Abstract:   Although knot theory has been studied for over 100 years,

polygonal knot theory and its combinatorial approach began in the

1990's.  We fix the length and number of edges of a polygon in

three-space and model each configuration as a set of rigid sticks

joined by very flexible hinges.   Those configurations that cannot be

moved into a convex planar configuration are called stuck.  We are

interested in those stuck polygons that are stuck only due to the

rigidity of the sticks.  For a stuck unknot the same configuration

could be unravelled if it were made of string rather than sticks.  We

will prove the existence of stuck unknots and discuss their

classification, which is still a work in progress.





The challenge problems from chapter 12 will be due Wed, Feb 4 as originally scheduled.  The challenge problems from chapter 13 will be due Mon, Feb 9.


The first hour test will be on Thursday, February 5.  It will cover 12.1 through 13.3.  Here is a practice test with solutions (it may have one or two questions from 13.4 on it): pg1 , pg2pg3  pg4. In addition to the practice test, On-line Drills available Here!!



!! Required Talk !!

Going to talks to learn about cutting edge developments in mathematics in an integral part of being a working mathematician.  There will be three such talks for this course, all on SCI 111, on the following Mondays:  Feb 2, Feb 9, and Mar 22.  The first two will be from 2:30 to 3:30.

The talks on Feb 2 and Mar 22 are optional--extra credit is available if you do attend however.

The talk on Feb 9, which will be on knot theory,  is Required !

To compensate for the time, and to allow a little extra time for the rocket project,  we will not meet for normal class on Friday, March 5 or Monday, March 8.

Here is the abstract for the first talk:

Title: Generating uniform and perfect one-factorizations from starters

 Speaker:  Jeff Dinitz, department of mathematics, UVM

 Abstract:   A one-factorization is uniform if the union of any two one-factors give isomorphic 2-regular graphs.  It is perfect if this union is always a Hamiltonian circuit.  In this talk we will discuss how to construct such one-factorizations using elementary properties of finite fields.  This is joint work with Peter Dukes at the University of Toronto and is a current work in progress.


Tweetle Beetles


I just added two new links above, one for applications of abstract algebra (the first two links in in are good Hudson River possibilities), and one that is a direct link to the computer exercises that accompany our text.


!!Hudson River Talks!!  

Please consider participating in the Hudson River Undergraduate Conference--talk to me about topic possibilities ASAP if you are even remotely interested.   This is a lot of fun, and it is exciting to do the exploration leading up to the talk.  Extra credit may be negotiated.  You can see some previous year's talks at student talks. More information about the event (including deadlines) is at


STUDENT SUMMER RESEARCH INTERNSHIPS AVAILABLE  (Second round opportunities--I think the deadline is something like Feb 17.)

Summer Research Opportunity--$3500 plus $1000 in supplies for May 15 - June 30.  I would be thrilled down to my toes to help you come up with a project and be your advisor.  Returning students only.


If you find you are a little rusty after the summer, here are some review suggestions.

For calc I, see . Under announcements, look at the study guide for the final. There are lots of drill and practices. Anything you don't understand, go to the inclass demos for review. For Calc II, the techniques of integration, polar coordinates, and parameterized functions are VERY important, but the sequences and series stuff is less so. A good integration review can be found at .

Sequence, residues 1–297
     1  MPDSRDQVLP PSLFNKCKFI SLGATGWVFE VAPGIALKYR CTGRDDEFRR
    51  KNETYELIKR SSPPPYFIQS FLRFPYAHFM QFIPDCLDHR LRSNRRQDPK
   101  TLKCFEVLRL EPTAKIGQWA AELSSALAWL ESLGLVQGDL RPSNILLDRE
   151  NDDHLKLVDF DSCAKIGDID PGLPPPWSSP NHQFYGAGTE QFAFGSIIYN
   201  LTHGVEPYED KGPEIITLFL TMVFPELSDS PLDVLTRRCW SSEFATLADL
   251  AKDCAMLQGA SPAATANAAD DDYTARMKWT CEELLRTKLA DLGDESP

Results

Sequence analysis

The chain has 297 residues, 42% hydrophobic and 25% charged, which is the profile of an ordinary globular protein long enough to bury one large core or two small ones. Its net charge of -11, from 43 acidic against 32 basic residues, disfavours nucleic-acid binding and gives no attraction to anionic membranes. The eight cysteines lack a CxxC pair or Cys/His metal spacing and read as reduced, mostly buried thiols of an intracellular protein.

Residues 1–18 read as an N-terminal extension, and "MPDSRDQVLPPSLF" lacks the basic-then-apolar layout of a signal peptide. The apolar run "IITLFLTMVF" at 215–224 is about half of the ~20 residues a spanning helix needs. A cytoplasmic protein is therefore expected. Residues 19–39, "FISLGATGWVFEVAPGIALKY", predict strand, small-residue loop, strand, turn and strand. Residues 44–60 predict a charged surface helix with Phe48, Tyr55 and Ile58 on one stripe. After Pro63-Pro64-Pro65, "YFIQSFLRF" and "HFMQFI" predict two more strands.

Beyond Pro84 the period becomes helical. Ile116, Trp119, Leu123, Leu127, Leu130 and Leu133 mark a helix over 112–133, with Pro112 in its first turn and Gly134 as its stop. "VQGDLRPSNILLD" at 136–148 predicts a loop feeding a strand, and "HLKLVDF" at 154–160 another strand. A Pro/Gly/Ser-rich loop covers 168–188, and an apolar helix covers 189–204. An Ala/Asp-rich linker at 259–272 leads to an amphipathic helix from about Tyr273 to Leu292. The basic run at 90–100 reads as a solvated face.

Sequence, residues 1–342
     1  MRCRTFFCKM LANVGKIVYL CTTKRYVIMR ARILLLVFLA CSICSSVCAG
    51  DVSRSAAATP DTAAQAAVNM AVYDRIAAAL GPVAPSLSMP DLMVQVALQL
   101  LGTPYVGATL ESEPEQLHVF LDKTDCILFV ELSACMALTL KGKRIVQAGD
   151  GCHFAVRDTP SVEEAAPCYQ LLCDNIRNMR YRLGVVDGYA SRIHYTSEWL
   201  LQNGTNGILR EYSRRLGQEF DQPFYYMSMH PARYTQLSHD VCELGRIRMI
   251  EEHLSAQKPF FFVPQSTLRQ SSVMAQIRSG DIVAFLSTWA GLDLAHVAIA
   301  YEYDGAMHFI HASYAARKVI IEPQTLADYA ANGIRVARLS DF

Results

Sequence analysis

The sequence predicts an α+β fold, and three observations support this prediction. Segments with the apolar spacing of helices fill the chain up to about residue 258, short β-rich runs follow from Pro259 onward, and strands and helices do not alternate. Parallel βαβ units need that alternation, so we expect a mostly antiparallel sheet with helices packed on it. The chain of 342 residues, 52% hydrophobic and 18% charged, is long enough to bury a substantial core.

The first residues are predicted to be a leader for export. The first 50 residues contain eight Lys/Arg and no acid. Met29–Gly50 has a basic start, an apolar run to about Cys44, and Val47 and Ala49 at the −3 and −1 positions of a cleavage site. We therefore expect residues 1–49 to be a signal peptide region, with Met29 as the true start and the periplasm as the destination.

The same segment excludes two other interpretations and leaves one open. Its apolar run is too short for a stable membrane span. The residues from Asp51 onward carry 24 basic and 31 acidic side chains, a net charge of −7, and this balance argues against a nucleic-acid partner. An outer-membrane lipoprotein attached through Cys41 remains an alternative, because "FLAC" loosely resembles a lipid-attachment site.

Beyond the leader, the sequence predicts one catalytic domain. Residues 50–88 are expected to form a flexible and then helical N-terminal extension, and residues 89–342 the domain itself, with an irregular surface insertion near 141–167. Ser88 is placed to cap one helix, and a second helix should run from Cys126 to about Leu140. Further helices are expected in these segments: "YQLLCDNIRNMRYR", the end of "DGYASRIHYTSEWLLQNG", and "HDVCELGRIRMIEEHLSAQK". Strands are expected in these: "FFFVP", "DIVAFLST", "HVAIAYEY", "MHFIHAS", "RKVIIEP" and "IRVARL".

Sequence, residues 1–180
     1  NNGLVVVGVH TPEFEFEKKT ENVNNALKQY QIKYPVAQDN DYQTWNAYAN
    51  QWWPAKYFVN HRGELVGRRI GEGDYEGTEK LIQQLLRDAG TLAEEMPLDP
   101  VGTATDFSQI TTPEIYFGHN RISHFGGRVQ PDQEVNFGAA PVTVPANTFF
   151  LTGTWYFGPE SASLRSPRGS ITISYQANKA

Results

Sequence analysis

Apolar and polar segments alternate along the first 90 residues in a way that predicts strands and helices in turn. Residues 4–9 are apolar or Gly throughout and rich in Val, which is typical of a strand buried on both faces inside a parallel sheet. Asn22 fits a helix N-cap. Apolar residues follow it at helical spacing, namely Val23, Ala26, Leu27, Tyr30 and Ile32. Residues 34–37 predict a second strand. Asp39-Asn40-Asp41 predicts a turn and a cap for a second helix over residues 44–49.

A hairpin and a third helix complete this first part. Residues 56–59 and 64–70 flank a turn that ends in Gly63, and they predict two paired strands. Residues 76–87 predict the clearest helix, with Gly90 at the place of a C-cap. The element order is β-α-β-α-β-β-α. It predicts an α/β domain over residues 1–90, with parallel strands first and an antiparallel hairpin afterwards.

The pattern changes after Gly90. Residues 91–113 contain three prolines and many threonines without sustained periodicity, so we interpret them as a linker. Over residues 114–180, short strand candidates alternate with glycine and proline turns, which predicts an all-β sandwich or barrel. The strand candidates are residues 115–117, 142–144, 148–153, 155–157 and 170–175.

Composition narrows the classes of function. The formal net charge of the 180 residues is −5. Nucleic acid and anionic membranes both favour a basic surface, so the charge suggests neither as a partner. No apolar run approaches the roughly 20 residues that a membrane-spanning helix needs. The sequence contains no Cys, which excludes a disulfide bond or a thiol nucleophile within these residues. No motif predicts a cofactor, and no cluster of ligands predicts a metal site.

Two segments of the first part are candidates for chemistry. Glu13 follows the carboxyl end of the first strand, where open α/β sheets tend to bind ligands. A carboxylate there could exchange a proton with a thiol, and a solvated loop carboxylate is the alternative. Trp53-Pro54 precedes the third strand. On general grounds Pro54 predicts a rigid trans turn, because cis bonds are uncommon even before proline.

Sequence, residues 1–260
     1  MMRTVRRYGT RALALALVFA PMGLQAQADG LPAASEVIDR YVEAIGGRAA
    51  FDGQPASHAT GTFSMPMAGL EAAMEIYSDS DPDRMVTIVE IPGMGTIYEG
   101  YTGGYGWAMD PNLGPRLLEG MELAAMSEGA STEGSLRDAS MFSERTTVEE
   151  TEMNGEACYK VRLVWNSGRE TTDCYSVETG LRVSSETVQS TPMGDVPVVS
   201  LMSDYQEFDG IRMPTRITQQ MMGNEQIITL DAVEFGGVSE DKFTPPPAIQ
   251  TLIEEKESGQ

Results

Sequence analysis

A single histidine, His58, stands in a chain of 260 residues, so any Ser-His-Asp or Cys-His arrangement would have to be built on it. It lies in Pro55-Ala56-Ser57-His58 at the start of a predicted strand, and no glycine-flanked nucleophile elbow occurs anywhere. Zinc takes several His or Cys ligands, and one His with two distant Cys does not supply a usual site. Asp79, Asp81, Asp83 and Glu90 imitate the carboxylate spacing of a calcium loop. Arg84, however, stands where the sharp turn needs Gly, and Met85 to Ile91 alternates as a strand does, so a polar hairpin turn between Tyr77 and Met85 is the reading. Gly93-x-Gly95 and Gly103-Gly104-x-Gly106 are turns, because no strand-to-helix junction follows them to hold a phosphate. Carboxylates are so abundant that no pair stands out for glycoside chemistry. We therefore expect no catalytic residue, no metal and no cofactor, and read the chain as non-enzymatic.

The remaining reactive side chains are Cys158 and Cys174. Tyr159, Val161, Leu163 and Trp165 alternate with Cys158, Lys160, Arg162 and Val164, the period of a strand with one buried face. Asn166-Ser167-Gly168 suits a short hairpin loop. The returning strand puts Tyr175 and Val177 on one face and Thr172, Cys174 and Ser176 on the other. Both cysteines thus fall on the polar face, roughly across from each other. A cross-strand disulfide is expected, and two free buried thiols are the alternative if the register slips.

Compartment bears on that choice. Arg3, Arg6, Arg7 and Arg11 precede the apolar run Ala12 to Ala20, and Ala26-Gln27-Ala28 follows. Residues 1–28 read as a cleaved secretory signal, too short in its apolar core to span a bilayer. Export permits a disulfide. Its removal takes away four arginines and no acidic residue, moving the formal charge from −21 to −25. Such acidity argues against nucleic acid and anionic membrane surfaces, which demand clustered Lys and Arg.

A note from math dept chair Jim H:

Welcome back and hello,

For many years we've run math help sessions at night. These provide a chance for students in calculus classes, or in the 101 and 102 classes, to get somy help with their material on a drop-in basis. These sessions are staffed by students, so this is where you come in!

Are you interested in working one or two? We always pair people up, so you won't be lonely, and we get many people who have done it before that come back again, so it must be fun. If you have had through Calc III, and would be interested in making a little extra money (I am told, about $7-$8 per hour), working one or two nights in a one-on-one or small group setting, then I'd like to hear from you. Tell me what classes you've had, please, and what nights you could work.

Also, we are looking for folks who might be interested in grading homeworks or quizzes. You work with a faculty member, again in conjunction with a calculus, or 101, or 102 class. You will be grading quizzes or homework papers, following the instructions of the course instructor. If you are interested in this, please also write and tell me which classes you've had.

Thanks, Jim Hefferon. 


Be sure to click 'refresh' when you visit this site to be sure you get the most recent changes.


The Student Resource Center runs excellent workshops every semester on study skills, time management, test-taking techniques, etc.  For details: SRC study skills  


The postings on this site have all been tested and all work.  If you have any difficulty getting material off this site, you can try any of the following:

1.  See if someone in your study group was able to print the file you want and make a photocopy of it.

2.  Try using one of the lab computers in case the problem is with how your own computer is configured.

3.  Using Explorer, right click on the link, select "save target as", then save the file to your home computer.  You should be able to open and print it from there.

4.  Contact Cynthia Kelley at 654-2756 or  She is the person for website trouble shooting.